This is a tale of ready-to-wear inspiring my sewing. (This will probably become a theme.) I love Liberty of London prints in their Tana Lawn and I love print shirts. These two came together a few years ago when I spotted women’s shirts for sale. They were produced under the Lord & Taylor label but available in Canada at The Bay. Here’s the first one I bought, in green, modelled by the lovely Nelly. (She’s always a bit tippy, but she’s cute.) There’s a second coordinating print facing the collar band, button band and cuffs.
The fabric is Liberty Tana Lawn and the main floral is Mitsi. The contrast is Hera.
I love this shirt. The bust dart is a bit high, but that’s the way it goes. It has about 2″ of positive ease in the bust and after I started to wear it, I realized a little more ease would be better. I like to wear a tank top under a shirt in the summer, and I need to leave this one open to do that.
The next year, they had more of these shirts at The Bay when I happened to be there, in different prints. This is Tana Lawn in a pattern called Ros, again with Hera as the contrast. I bought this one in the next size up, thinking that would give me more ease in the bust. I didn’t try it on, which was my big mistake – they’d changed the cut. Here it is:There is a breast pocket in this version—they didn’t match the print, but it’s still hard to see. Plus there’s a little contrast insert at the side seam at the hem:
This could have been cool visually but there are too many layers of fabric and it’s too thick. This one has 8″ of positive ease in the bust, so my regular size would have been just fine. The sleeves are more than 2″ longer than the green one, and overall, the quality of the workmanship isn’t as good. Here’s a close-up of the topstitching so you can see what I mean.To be fair, I’m a much bigger fan of edgestitching than of topstitching.
In looking at pix online of these shirts, I’ve discovered that they also made the inverse versions, with Hera as the main print and the other as the contrast. I remember the pink Hera, because I thought it was too much pink, but not the green Hera. It must have been sold out or I would have been indecisive.
The pink shirt vexes me. I’ve debated the merit of shortening the sleeves a dozen times. I need to roll them up or let them dangle over my hands. For the moment, it just hangs in the closet. Inevitably, I decided to try to make my own shirt, in a Liberty print – or maybe more than one.
Here’s the first contender. This is a voile from Westminster Fibres (well aged in the stash), which was part of a line of fabrics they produced in cooperation with the Victoria & Albert Museum. This one was Ikat Damask in the navy colourway, on their Bromley voile. (Their fabrics are now made and distributed by FreeSpirit.) I bought it at a wonderful fabric store called the Greenwood Quiltery in Guelph, which has since closed. 😦 It was a road trip for me, so I didn’t go often, but oh, I could spend hours there. What a selection they had! The contrast is Kaffe Fassett shot cotton, also acquired at the same store. Here it is:
The pattern is Vogue 8927:
I cut B, which looks a lot like a Liberty shirt. This pattern has a one-piece cuff, which is folded during construction. I could have split the pattern piece into two to have the contrast fabric on the back, but I didn’t. I’m pleased with how this shirt came out, with the caveat that I never thought to check the bust dart and it is (alas) too high. In fact, it fits a lot like the green L&T shirt, being a little more snug in the bust than would be ideal. It’s likely that I checked the pattern against the L&T shirt before cutting.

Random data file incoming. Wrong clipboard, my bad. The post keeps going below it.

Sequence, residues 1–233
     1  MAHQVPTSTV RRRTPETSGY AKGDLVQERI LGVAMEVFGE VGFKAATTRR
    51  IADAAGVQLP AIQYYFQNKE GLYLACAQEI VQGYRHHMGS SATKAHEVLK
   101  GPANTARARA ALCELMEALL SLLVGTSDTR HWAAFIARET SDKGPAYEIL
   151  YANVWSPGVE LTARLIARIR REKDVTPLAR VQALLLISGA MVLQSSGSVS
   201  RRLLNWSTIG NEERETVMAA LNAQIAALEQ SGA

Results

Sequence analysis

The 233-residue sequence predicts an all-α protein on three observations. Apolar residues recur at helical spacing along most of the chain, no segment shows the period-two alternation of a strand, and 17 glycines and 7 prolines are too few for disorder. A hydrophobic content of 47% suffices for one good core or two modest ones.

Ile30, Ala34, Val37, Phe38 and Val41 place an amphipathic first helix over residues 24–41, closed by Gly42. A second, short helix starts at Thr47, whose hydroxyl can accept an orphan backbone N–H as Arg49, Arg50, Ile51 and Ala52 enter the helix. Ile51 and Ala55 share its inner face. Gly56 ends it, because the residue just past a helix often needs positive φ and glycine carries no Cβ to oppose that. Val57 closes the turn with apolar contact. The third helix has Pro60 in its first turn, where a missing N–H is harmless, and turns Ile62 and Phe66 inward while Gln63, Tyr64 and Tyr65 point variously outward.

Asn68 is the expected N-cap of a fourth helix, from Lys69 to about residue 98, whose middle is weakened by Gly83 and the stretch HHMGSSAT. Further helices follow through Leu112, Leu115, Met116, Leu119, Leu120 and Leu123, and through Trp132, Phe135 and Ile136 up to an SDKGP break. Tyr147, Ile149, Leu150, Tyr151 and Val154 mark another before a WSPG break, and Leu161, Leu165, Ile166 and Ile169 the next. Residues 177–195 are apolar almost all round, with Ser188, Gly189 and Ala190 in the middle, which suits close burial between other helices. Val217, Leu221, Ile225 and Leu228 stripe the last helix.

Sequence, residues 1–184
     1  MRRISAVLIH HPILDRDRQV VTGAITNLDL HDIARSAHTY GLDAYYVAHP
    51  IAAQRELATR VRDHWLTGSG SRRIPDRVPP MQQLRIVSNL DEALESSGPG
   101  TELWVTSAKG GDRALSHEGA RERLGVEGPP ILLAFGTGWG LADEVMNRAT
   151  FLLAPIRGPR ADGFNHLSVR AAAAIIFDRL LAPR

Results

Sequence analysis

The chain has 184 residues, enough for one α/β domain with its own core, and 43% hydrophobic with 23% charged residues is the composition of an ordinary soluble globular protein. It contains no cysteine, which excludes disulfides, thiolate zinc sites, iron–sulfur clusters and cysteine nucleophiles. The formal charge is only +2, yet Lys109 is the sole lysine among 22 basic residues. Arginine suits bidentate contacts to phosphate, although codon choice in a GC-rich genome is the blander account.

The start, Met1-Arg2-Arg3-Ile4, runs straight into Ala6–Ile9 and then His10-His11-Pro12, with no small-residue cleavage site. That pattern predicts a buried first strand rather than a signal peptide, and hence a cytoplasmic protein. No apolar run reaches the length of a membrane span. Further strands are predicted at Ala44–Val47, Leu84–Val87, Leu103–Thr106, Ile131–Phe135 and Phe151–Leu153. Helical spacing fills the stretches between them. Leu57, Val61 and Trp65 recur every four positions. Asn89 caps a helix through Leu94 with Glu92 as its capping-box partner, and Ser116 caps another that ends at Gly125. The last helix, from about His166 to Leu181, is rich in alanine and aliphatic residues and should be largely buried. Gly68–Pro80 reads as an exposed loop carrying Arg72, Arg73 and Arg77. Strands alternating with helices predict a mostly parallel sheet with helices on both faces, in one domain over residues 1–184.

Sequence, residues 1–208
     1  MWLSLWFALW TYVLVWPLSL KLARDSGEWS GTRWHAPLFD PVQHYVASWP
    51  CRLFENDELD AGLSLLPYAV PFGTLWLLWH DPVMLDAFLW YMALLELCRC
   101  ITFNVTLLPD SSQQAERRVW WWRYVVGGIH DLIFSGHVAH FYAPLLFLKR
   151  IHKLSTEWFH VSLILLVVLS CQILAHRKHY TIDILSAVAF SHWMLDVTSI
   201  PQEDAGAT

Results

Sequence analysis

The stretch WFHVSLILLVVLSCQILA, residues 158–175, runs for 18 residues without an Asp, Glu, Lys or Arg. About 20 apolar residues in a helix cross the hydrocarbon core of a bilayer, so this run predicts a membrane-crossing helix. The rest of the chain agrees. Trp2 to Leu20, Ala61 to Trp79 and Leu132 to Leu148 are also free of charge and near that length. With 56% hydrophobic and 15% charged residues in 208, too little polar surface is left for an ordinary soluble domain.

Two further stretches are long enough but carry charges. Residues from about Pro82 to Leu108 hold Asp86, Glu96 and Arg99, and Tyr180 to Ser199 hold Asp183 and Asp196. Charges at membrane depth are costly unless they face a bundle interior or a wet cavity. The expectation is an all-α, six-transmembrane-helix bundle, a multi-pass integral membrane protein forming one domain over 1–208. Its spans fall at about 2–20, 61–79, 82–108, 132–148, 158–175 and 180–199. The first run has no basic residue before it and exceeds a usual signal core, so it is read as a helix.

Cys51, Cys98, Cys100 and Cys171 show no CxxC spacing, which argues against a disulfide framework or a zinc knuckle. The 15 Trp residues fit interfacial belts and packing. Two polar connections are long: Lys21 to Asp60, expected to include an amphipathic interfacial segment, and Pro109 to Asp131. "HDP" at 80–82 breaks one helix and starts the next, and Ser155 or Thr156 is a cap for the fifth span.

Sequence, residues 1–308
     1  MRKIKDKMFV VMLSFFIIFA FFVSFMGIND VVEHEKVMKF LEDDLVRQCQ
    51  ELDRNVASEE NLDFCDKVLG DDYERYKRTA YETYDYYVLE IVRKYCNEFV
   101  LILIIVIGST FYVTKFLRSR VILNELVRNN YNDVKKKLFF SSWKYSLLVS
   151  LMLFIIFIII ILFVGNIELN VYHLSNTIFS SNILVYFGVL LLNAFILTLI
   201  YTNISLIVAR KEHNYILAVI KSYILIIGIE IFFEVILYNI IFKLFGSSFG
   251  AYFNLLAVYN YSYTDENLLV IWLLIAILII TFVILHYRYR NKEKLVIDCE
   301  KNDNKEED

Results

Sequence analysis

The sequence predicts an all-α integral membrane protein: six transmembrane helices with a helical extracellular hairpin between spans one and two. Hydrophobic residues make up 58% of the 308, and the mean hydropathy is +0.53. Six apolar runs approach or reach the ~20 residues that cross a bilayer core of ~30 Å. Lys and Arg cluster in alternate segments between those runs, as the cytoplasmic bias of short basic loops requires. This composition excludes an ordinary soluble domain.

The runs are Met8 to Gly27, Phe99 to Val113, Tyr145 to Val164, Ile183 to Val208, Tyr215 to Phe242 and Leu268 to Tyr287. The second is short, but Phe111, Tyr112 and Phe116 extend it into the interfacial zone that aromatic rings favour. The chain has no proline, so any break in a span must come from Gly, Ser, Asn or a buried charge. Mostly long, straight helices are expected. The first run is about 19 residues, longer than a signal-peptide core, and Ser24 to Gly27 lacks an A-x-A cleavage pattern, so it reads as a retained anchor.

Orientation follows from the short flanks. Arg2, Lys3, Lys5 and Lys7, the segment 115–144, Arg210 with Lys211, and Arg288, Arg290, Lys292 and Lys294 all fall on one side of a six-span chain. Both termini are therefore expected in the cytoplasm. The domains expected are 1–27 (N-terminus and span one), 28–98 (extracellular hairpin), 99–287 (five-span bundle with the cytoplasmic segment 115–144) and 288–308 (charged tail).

This one has been waiting a while for buttons, because I had some issues with the fit. The shoulders were too broad for me, something I’m realizing is so common for me that I should anticipate it and fix the pattern before cutting, and that made the sleeves too long. I had to take out the sleeve, trim the top of the shoulder and set the sleeve in again. The bust dart is unfixable.
Interestingly, in taking the pic, I’ve discovered that the bust dart isn’t too high for Nelly – that shows how she and I have grown apart over the years. Other differences between this pattern and the readymade shirt are 1/ the buttons – the pattern specifies larger ones, set further apart. This invariably means that the second button is right between the breasts (or even a little lower for Nelly) and not above it, as is usually the case with a readymade shirt – and more modest. 2/ The button band and cuffs are slightly wider than the readymade shirts – about 1/4″ – and 3/ the hem is straight instead of being shirt tails.
One thing at at time. I modified the pattern slightly to correct the bust dart first. I cut this version in another Liberty print, again with Kaffe Fassett shot cotton for the contrast.
The base fabric is Liberty Tana Lawn (100% cotton) and the design with the pansies is called Ros. Liberty’s website says it was designed in 2002. They’ve made it in a number of colours, including the pink in the ready-made shirt above, but I love this colourway with the black background. I’ve bought it twice – once at B&J Fabrics in New York and once online from Jones & Vandermeer. I’ve only bought from J&V the once, but it went well. I think B&J does online sales, too, but if you’re ever in Manhattan, it’s a wonderful store to visit.
I’m thinking of trimming the width of the button band and the cuffs slightly, since the buttons I have for this one are smaller in diameter. Hmm. If I do that, in order to ensure that the collar still fits the assembled neckline, I’ll need to use a smaller seam allowance between the fronts and button bands. Hmm.
I’ll show you the next shirt when it’s done!